How a Father's Age Can Affect His Children
Created by Emily Chang, Scott Hadly, Shirley Wu, Antonio Contreras, Becca Ling and Brian Naughton
A father can pass along much to his children: a sense of humor, compassion, good character.
In addition to personality traits, a father also passes on genetic changes, or mutations. Some of these mutations will be new
— “de novo”
mutations that he himself did not inherit from his parents but that occurred only in the DNA of his sperm cells.
A recent study
of Icelandic families has shown that the
number of de novo
mutations a father passes on to his children is highly correlated with his age at the time of their conception.
On average, the study found that older fathers pass on more mutations to their children than younger fathers.
It is unclear what health consequences, if any, these new mutations have on the child. There is an association between
a father's age and his child's risk of schizophrenia and autism spectrum disorders. Some researchers hypothesize that this may be at least partly due
to the greater number of mutations that older fathers pass on to their children, but more research is needed in this area.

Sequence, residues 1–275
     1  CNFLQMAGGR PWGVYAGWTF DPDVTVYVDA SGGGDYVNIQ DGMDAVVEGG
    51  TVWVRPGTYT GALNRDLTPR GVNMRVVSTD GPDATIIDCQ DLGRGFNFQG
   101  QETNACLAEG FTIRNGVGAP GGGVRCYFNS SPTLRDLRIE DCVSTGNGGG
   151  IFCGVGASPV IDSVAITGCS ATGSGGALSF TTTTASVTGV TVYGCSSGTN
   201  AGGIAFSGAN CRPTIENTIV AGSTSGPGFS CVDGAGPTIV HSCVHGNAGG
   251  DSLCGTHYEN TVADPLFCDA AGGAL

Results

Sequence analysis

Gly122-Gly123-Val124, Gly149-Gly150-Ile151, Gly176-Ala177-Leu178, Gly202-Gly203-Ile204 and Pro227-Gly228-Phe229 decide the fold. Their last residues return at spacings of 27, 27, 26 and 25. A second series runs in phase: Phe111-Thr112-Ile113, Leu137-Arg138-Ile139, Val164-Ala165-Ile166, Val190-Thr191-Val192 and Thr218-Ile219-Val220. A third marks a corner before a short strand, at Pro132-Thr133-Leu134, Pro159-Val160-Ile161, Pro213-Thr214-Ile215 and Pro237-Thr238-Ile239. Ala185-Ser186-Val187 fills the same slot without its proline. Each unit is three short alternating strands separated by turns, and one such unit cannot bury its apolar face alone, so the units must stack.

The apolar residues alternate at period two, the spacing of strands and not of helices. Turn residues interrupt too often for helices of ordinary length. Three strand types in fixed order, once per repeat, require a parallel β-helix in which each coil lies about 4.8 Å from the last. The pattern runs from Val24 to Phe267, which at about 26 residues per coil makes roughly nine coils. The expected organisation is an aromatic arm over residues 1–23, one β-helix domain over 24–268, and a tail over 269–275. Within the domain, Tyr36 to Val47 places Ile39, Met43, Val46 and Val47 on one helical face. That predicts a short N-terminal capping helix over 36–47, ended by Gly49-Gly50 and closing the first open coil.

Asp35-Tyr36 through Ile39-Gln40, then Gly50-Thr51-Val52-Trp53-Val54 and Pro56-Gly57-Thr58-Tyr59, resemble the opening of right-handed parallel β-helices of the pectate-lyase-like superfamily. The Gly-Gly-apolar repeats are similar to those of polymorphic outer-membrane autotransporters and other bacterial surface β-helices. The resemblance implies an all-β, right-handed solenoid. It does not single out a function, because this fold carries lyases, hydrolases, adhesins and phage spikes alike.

This study did not find a correlation between maternal age and the number of mutations in her children; mothers passed along approximately 14 new
mutations, on average,
regardless of their age. The risk of other types of genetic changes such
as Down syndrome, however, increase with maternal age. One explanation why Down syndrome risk
increases with maternal age is given at the Tech Museum website.
Interested in learning more
about your genetics? 23andMe offers personalized genetic information about several different
health conditions and traits.
The mutations covered in these reports, however, are not de novo mutations but rather more common genetic variants that your parents inherited from their parents and passed along to you.
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